• Traffic on the "free" East River bridges has increased travel time, particularly on neighborhood streets surrounding the bridges.
  • Tolling the East River bridges would reduce traffic on the bridges by 24-26%.

Myth: Tolling requires toll plazas and cash, and will cause traffic backups.
Reality: Modern "non-stop" toll collection technology does not require toll plazas, cash or traffic backups.

  • By using a combination of E-ZPass and London-style license plate cameras and instant payment systems, no cash lanes and no toll plazas would be needed. Traffic would not need to stop to pay tolls.

Myth: Tolling the bridges discriminates against low-income New Yorkers.
Reality: Tolls would have little impact on low-income New Yorkers.

  • Motorists crossing the bridges are skewed toward the upper income ranges. Lower income New Yorkers are far more likely to take public transportation--and pay the recently increased subway and bus fare--than to use the bridges. Thus, equity considerations support the argument that bridge users should, like transit riders, pay for what they use.
  • 8% of bridge users have household incomes under $25,000, compared with 16% of transit riders using the subway, bus or commuter rail to cross the East River.
  • At the other end of the income scale, 21% of bridge users but only 16% of transit riders crossing the East River have incomes over $100,000.

Tolls Would Reduce Traffic in Downtown Brooklyn, Long Island City and Canal Street

A major benefit of bridge tolls is reducing traffic congestion on surrounding streets. In both Downtown Brooklyn and Long Island City a substantial portion of traffic on neighborhood streets are motorists who use the "free" bridges. Residents in these neighborhoods must put up with the noise and filth of the daily through-traffic. And local businesses must contend with obstructed access to limited loading and unloading space as well as slow travel times to other parts of the city. Tolls will reduce traffic congestion in Downtown Brooklyn and Long Island City by 12-14%.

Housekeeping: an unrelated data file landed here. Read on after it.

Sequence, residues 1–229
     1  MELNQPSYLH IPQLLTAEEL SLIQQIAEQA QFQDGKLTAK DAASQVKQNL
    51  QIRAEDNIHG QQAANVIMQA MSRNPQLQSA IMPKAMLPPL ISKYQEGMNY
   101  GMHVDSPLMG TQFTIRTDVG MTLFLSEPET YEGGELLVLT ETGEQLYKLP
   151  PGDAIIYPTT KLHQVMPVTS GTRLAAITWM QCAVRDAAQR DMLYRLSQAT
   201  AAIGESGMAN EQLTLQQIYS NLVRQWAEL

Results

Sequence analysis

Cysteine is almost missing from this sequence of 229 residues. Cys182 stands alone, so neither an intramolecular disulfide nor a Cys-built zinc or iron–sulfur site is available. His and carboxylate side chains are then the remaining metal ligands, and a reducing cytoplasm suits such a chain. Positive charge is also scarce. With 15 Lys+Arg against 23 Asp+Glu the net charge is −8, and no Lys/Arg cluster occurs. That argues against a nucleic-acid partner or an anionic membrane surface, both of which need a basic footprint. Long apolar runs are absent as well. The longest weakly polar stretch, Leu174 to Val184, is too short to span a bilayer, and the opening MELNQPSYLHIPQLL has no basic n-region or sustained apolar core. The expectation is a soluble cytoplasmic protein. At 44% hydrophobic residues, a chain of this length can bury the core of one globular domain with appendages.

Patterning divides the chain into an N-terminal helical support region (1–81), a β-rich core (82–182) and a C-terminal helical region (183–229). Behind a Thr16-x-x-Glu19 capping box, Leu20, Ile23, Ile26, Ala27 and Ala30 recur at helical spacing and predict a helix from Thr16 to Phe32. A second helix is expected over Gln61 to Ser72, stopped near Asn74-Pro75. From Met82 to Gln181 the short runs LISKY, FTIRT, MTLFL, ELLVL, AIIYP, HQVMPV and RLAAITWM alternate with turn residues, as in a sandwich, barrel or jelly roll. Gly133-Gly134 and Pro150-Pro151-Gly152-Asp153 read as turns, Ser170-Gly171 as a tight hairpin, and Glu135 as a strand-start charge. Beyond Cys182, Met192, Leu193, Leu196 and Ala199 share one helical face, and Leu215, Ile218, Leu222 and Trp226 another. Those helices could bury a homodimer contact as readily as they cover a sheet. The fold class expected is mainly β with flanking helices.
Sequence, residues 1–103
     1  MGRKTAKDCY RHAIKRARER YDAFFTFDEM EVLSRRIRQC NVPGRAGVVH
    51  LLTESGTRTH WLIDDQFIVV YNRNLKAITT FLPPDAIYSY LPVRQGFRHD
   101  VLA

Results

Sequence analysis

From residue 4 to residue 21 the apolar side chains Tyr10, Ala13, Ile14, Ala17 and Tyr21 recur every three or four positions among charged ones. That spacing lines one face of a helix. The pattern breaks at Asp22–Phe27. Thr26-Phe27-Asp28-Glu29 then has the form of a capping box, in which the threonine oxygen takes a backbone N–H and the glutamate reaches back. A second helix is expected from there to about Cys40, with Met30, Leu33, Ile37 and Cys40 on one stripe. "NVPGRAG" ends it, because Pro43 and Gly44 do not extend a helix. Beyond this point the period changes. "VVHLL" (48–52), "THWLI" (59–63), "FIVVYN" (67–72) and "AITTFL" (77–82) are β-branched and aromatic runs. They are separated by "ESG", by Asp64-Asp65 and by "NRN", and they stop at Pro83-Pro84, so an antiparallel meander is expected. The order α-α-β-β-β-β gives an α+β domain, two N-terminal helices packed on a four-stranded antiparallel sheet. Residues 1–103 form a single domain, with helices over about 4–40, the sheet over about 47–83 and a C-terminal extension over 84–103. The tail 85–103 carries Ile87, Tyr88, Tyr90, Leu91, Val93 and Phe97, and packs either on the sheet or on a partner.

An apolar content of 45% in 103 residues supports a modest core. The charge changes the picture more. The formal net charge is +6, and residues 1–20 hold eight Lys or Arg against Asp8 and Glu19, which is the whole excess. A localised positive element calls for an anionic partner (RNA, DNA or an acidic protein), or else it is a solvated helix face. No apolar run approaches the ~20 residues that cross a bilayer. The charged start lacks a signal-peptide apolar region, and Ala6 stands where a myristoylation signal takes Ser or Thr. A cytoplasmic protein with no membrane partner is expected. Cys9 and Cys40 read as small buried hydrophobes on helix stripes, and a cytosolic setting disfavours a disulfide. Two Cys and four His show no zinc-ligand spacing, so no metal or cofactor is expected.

Smith Street

Smith Street

Downtown Brooklyn
East River bridge-bound motor vehicle traffic comprises 43% of all motor vehicle traffic entering Downtown Brooklyn during the morning rush hour and 45% during the midday.

Tolls on the bridges would reduce the number of vehicles entering Downtown Brooklyn by 12%. This means that traffic per day will be reduced by the following amounts:

  • 1,300 on Hicks Street
  • 1,400 on Court Street
  • 1,000 on Smith Street
  • 800 on Clinton Street

Thomson Avenue

Thomson Avenue

Long Island City
Fifty-seven percent of the motor vehicle traffic entering the area during the morning peak hour is bound for the Queensboro Bridge.

Tolls would reduce the number of vehicles entering Long Island City during the morning peak by 14%. This means that traffic in the area between the hours of 8 and 9 am will be reduced by the following approximate amounts:

  • 390 on Thomson Avenue
  • 280 on 21st Street
  • 180 on Queens Boulevard

Canal Street

Canal Street

Canal Street
Currently, many truckers avoid the one-way, Staten Island-bound toll on the Verrazano-Narrows Bridge by using the Manhattan Bridge instead. Trucks that divert to Manhattan add to severe traffic congestion on Canal Street, a heavily traveled commercial street in Chinatown, and at approaches to the Holland Tunnel.
Instituting tolls on the East River bridges would reduce the incentive for truckers to avoid the Verrazano, and thus reduce traffic congestion and air pollution on Canal Street. 

Fast, Automated Toll Collection Already a Success in NYC and LondonFast, Automated Toll Collection Already a Success in NYC and London

The traffic impact of tolls on neighborhoods surrounding the City-owned East River bridges is a key issue. In discussions of tolls in the 1970s and 1980s, it was difficult to imagine implementing tolls because of fears of giant toll plazas and huge traffic jams. But advances in tolling technology mean that motorists can be tolled without toll plazas or having to stop their vehicles. East River bridge tolls would use a
combination of E-ZPass, which is used by more than half of New York City area motorists, and London-style license plate cameras for non-E-ZPass motorists.